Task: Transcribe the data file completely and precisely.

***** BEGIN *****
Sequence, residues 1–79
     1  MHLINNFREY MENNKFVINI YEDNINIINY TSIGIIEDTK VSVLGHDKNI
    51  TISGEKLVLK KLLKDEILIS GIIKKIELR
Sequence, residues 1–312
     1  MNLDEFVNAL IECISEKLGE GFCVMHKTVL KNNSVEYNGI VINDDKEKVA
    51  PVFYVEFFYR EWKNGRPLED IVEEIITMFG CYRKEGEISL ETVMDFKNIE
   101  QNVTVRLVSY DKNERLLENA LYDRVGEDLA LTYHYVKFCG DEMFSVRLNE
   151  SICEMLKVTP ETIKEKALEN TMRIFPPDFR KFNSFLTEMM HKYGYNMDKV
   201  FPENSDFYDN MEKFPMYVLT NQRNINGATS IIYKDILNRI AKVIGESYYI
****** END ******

Sequence, residues 1–79
     1  MHLINNFREY MENNKFVINI YEDNINIINY TSIGIIEDTK VSVLGHDKNI
    51  TISGEKLVLK KLLKDEILIS GIIKKIELR
Sequence, residues 1–312
     1  MNLDEFVNAL IECISEKLGE GFCVMHKTVL KNNSVEYNGI VINDDKEKVA
    51  PVFYVEFFYR EWKNGRPLED IVEEIITMFG CYRKEGEISL ETVMDFKNIE
   101  QNVTVRLVSY DKNERLLENA LYDRVGEDLA LTYHYVKFCG DEMFSVRLNE
   151  SICEMLKVTP ETIKEKALEN TMRIFPPDFR KFNSFLTEMM HKYGYNMDKV
   201  FPENSDFYDN MEKFPMYVLT NQRNINGATS IIYKDILNRI AKVIGESYYI